The Barefoot Herbalogist: Plantago Asiatica

by Dave Jones on July 26, 2011

in The Barefoot Herbalogist

The Barefoot Herbalogist: Investigating Plantago Asiatica

While off on his summer vacation, Herbalogic Director of Production, David Jones, is spending time investigating the herbs beneath his feet. Here’s his latest finding.

I am spending a good part of the summer watching a ranch up in central Washington, nestled in the North Cascades. It is nice to get north and be in the kind of climate where you want to be outside for the entirety of the long long days up here. The sun comes over ridge at about 4:45am and goes behind Grouse Mountain about 7:00pm, but the sky stays light until 9:30.

This is good agricultural country because it has really rich volcanic soils and pretty much, if you water it, it will grow, so the diversity of plants here is staggering. Most of them are more likely to have a purpose in Native American medicine but a lot of them are plants that were or are common in China and are a part of Chinese herbal medicine. I found myself literally stepping all over them and thought I would put together a couple of blog entries cataloging some of these easy to spot plants and what they are used for.

One of the most common of these plants is in such abundance that it is almost impossible to stand in any one part of the lawn or pasture and not be able to see one. You might recognize it from the drawing, but I would guess most people didn’t know it was called Plantago Asiatica, Asian Plantain. (Not be be confused with the plantains that are more like bananas) Herbalists most likely will know the herb Che Qian Zi, which is the seed of this plant, but the plant itself is called Che Qian Cao.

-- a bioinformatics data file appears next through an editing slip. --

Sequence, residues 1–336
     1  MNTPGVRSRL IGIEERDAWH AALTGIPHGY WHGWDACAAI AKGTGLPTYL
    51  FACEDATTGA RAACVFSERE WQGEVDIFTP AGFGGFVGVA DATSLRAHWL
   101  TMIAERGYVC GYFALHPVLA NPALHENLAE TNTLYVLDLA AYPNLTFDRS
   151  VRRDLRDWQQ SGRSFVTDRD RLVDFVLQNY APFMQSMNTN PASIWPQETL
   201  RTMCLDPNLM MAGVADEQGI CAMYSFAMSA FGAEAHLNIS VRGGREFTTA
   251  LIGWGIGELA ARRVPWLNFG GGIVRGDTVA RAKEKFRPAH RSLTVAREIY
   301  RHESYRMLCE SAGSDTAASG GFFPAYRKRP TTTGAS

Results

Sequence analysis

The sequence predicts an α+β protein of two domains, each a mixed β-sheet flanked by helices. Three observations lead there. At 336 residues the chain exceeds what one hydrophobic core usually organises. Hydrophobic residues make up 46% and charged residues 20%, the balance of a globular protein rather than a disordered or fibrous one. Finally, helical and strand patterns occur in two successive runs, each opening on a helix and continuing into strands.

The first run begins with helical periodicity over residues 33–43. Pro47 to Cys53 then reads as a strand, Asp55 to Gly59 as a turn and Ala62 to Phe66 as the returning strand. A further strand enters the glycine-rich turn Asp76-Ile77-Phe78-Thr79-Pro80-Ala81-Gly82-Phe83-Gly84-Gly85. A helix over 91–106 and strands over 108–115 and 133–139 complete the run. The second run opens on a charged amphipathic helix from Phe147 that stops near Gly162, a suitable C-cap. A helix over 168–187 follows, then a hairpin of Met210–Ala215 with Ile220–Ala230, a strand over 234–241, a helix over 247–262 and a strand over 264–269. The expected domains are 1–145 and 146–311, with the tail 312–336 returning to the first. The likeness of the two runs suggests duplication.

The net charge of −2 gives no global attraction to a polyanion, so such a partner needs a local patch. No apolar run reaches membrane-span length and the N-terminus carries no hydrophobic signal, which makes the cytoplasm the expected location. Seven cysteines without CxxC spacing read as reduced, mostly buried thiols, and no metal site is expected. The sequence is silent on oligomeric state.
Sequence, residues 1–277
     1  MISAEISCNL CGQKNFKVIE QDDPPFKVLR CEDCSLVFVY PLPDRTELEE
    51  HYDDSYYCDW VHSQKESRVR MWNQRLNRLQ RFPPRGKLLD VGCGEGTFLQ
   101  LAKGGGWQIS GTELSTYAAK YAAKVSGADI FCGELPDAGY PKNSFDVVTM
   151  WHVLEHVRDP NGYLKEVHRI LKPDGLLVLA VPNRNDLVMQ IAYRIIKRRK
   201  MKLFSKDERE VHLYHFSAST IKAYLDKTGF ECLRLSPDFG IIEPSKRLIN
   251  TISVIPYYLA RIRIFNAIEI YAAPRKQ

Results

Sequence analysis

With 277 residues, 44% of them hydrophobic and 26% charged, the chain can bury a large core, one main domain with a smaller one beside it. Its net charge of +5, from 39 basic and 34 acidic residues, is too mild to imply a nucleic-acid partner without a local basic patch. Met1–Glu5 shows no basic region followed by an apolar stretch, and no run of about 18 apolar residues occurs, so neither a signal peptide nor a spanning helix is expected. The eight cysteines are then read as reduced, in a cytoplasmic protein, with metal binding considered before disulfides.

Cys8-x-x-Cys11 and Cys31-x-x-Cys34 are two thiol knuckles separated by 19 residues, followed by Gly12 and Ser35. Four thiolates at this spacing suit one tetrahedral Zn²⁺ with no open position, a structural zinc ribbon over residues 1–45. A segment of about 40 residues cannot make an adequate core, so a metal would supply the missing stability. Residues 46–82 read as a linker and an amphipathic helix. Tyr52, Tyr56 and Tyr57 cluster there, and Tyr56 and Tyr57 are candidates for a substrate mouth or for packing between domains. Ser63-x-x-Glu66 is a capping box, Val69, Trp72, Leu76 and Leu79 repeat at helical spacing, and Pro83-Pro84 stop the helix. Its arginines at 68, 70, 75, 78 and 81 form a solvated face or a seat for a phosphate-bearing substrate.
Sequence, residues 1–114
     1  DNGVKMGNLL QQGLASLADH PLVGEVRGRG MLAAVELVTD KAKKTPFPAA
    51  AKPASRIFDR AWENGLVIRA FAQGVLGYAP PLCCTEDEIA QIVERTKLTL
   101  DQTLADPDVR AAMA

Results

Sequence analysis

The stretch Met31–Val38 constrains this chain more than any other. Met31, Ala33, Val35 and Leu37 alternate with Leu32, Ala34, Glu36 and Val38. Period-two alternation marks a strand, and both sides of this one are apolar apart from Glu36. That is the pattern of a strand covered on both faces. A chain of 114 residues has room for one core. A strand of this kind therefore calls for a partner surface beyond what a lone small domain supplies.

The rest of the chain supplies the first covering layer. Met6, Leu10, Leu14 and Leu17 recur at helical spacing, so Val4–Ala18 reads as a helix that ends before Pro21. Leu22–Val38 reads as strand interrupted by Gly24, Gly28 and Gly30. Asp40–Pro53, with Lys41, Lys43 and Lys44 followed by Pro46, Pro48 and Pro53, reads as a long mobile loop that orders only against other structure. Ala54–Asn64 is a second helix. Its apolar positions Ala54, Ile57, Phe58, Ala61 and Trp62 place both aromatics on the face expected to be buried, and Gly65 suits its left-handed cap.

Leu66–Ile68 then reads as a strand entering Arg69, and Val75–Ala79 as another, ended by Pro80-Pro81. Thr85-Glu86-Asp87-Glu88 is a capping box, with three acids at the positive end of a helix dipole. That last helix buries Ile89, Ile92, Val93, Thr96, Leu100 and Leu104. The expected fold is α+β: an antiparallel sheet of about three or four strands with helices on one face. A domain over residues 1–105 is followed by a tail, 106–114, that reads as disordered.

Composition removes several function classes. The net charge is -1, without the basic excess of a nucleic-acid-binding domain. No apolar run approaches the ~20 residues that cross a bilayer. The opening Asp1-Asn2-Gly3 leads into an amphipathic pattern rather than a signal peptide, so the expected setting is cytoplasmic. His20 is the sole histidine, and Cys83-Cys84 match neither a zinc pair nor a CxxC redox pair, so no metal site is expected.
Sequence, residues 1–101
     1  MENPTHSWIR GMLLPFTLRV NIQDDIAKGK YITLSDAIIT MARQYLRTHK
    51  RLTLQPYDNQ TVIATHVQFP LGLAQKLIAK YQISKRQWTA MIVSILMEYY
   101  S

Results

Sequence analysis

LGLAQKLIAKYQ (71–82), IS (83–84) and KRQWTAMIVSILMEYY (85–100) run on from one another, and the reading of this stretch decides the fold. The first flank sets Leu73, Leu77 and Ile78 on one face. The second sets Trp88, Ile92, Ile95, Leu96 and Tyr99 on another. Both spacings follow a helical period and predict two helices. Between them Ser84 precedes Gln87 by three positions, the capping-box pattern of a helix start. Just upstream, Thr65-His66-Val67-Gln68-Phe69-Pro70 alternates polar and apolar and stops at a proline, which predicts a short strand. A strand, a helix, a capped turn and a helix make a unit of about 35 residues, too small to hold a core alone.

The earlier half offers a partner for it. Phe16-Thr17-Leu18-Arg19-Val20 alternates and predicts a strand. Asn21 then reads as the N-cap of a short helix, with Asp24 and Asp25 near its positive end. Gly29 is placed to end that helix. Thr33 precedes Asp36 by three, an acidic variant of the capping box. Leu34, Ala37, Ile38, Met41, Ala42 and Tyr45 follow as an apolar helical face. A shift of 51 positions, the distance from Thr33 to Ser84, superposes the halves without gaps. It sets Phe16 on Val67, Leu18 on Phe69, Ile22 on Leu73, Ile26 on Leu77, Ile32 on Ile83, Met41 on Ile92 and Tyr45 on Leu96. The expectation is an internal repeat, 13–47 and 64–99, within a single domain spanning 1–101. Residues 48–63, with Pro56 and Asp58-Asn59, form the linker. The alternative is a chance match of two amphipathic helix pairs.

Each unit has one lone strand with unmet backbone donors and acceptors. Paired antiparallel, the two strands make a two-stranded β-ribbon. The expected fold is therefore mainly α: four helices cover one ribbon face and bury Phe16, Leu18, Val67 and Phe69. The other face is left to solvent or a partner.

This plant has been being used as a food plant since prehistory, (I chewed on one of the leaves and had a hard time imagining a dressing that would stand up to that in a salad) but it was first classified in the Divine Husbandman’s classic of the material medica about 1800 years ago in the second century.

This plant is a prolific self-seeder with each plant able to make over 1000 seeds which is great because the seeds are so frequently used by Chinese herbalists and this might explain the name some. This plant is one of those plants that grows really well in disturbed areas like roadsides or even dirt roads and the name || Che (车)-wheeled vehicle || Qian (前)- before || Cao (草) – plant. Translation: plant that grows everywhere in front of the horse carts.

There are hundreds of species within the genus Plantago and they all have similar functions and can be used interchangeably. One of the more interesting species and close relations to Plantago Asiatica is Plantago psyllium. The husks of the seed compartment are psyllium husks and used commercially in a lot of laxatives as an insoluble fiber as they absorb a lot of water and help move stool through the bowel.

In Chinese medicine the plant and seeds are primarily used for urinary issues, that is what I remember it for from school, but it is also used topically for rashes and bug bites and there are some pretty hungry mosquitos up here, so the next time I get a bite, I might just try to crush up some Plantago and see if it eases the itching.

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